Did the loop yesterday, though I extended it a bit by staying on the Kaiser Trail until the more northerly of the 2 spurs back to the Coppermines Trail.  The description is quite good, though there definitely isn't a sign at the intersection of the AT with the Kaiser Trail.  I used the Trail Conference map in the Avenza PDF Maps app, and was amused at the artistic license used in the placement of scenic points.  One of the mine markings (which presumably was supposed to be the upper copper mine opening) was way off, and the positioning of the scenic viewpoints on the AT between the Coppermines Trail & the Kaiser Trail was nowhere close to where there were actually open areas which allowed good eastward-facing views.  The view from Mt. Mohican was great!

Easy to miss the turn from AT on to blue-blazed Kaiser Trail

Did the hike today with one pup.  Really nice.  Spectacular fall foilage.  Light breeze.  Cool temps - in the 60's.  I saw one bow hunter along the AT so I'm glad puppy was on leash the whole way.  The stream and waterfalls were nice despite it having been a dry summer.   Be aware that it's easy to miss the turn on to the blue-blazed Kaiser Trail.  The description of the trail is accurate ("AT descends briefly, the levels off"), but there was no sign at the intersection.  It looks like someone used aluminum squares to blaze the trail, but the blue paint on the square is mostly flaked off.  Fortunately, at the trail intersection, someone had scratched into the aluminum square "Blue Trail".   Otherwise, it looks like a white square.  I met a fellow today hiking the Jersey section of the AT and ended up on the Kaiser Trail because he was following the mostly-while aluminum squares.  A four-mile off-course for him.    There are occasional blue paint blazes on some trees, but they're badly faded. 

Great Hike!!!

I really enjoyed this hike, thank you for posting it.  It was a bit tough at the beginning with a 25 lb pack but it was well worth it.  We hiked this trail during last weekends deluge and that's probably the time to go because there were waterfalls everywhere.  Some of the hike doesn't have views, but the surrounding forest is beautiful with ferns and running brooks.  I suppose after a dry spell the waterfalls would be absent though.  The trail ended up running into the AT so we picked a spot along that to spend the night and get out of the wind and rain.  Overall, the hike was fantastic and definitely a workout.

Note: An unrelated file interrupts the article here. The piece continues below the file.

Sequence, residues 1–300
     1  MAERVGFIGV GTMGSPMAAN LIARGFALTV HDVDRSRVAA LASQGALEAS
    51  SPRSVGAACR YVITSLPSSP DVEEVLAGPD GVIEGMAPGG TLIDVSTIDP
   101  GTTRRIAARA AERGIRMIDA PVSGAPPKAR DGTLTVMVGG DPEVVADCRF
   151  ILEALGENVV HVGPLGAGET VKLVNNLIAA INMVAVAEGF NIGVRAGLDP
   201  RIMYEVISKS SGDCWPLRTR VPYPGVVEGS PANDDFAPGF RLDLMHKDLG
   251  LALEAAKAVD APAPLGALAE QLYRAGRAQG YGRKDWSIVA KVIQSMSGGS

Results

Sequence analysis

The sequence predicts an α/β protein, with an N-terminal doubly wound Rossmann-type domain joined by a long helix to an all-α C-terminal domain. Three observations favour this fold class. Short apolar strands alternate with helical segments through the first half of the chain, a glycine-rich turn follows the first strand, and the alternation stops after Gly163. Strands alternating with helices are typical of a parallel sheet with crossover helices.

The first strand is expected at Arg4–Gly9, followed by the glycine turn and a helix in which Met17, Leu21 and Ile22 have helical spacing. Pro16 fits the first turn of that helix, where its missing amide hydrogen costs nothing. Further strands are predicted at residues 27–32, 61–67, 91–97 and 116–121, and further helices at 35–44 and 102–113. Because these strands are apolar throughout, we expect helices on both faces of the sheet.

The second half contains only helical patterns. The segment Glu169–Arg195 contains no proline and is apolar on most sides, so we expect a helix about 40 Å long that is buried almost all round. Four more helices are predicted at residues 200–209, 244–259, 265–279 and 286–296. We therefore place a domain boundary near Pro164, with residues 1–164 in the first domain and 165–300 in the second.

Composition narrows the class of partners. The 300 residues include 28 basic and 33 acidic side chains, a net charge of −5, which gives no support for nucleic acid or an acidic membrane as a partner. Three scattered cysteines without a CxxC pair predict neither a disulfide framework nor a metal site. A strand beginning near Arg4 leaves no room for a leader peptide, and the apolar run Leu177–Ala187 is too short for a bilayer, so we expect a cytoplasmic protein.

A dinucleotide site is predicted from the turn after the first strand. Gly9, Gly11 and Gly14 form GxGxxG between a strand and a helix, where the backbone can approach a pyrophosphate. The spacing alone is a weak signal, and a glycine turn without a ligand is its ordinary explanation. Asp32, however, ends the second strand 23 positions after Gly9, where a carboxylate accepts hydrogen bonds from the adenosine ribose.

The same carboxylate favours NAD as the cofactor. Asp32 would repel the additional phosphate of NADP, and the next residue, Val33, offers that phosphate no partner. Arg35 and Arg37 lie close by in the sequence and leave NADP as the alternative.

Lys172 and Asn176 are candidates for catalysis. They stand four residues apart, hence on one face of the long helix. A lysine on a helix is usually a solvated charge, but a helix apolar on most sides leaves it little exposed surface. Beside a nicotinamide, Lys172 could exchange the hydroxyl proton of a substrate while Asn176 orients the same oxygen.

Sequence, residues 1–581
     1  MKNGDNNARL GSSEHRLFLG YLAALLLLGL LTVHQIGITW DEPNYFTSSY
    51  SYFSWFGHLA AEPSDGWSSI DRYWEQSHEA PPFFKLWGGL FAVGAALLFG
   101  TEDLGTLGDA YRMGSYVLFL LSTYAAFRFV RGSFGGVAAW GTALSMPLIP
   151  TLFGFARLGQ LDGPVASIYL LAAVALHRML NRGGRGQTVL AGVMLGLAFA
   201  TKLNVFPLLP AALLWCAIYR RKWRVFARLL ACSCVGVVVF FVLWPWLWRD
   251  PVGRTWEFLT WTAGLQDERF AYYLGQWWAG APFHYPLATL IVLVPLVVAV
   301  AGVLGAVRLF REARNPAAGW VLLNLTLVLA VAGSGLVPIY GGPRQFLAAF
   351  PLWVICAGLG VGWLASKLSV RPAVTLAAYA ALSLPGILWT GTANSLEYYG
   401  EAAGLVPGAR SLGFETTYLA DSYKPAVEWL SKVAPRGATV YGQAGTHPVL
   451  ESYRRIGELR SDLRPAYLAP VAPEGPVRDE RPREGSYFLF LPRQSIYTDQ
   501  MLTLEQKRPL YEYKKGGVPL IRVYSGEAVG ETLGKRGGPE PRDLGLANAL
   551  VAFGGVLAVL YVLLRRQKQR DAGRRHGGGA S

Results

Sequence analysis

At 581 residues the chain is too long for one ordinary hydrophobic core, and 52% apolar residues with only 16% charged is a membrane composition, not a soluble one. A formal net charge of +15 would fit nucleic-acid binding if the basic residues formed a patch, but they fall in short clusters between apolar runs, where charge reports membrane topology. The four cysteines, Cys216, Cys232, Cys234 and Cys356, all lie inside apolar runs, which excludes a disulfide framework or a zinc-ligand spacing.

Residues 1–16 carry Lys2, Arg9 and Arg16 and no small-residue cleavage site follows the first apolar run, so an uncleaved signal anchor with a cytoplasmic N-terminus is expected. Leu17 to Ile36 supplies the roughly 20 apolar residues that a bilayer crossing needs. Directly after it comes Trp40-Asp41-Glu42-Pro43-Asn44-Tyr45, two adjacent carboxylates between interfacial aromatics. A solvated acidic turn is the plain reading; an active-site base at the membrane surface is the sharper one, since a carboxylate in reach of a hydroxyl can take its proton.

Not my favorite choice of hike

I'm sorry, but the first mile on the RED was ok if you are looking for something physical to do, but the scenery wasn't there. I saw only one mine just before you reached the creek bridge and that was IT. The creek was all dried up mostly from the lack of rain so that added to the disapointment. It was only 2 miles per the internet map, but the RED went on and on and on with nothing reallly to see. Maybe I should have hung some Blair Witch stick figures for the next hikers coming in. I thought about taking the BLUE halfway in, but decided not to venture without a physical map and I already wasted almost 2 hours of daylight. Apparently the BLUE would have lead to the AT and then the Catfish tower which was one on my main reasons for taking this trail. Again to me it was a waste of a days hike. I should have known when I saw an empty parking lot when I arrived.


9/30/12-While retutning from a hike,heading east on the A/T from Sunfish Lake, I noticed a Gray womans hoody drying on a rock. We had rain & hail storms today,I got wet too.This is in the vicinity of the boundary marker signs for the Delaware Water Gap National Recreation Area & Worthington State Forest. The right hand pocket had pink plastic dog waste disposal bags inside it.Hope this is helpful to someone,its a nice jacket...


The 1st mile or so along the gorge is beautiful & worth seeing. But the rest of the hike was dissapointing,with one or two caveats. It's a long boring multi mile hike to get to the A/T. Once you get to the ridge,your walking in the center,with 100-200 yards to either side of faces with views. Unfortunately you cant see these views along the hike for miles-VIEWS LIMITED.Once you get to the view point @ the top,yes the view is good,but not spectacular. Going beyond the Water Gap into Worthington,toward sunfish lake,there are some views to the north of the Delaware that you can see THANKS TO SOME VOLUNTEERS?? who had the foresight to cut what looks like a new trail,along the edge of the ridge,so you can actually see something..THATS THE POINT!!! From my perspective as an avid hiker,theres nothing worse than being bogged down in the woods for miles,while theres a great view,that your not able to see...Who knows...Maybe better in winter....


Is hunting allowed there? I know last year the area by Millbrook Village was closed to hikers. I tried looking online but wasn't finding a clear answer. Also some areas don't allow hunting on Sundays.

Hunting in DWGNRA

Copper Mines Trail in the Spring

The Copper Mine trail is great! I did a slightly different version heading north on the AT around to Rattlesnake Swamp. Here are pictures and the description of the route I took:

Especially great in winter

Did this on January 16, 2010. Beautiful views with the leaves off the trees. Not icy at all along the top of the ridge on the AT because of the sunshine. I took the second, longer connector trail back to Coppermines from the Kaiser for more of a loop, and it was quite steep right before hooking back in.


Great photos!

Nice photos!

I was up along this portion of the ridge this past fall, and it's great to see the difference when there aren't any leaves on the trees.

Thanks for sharing your experience!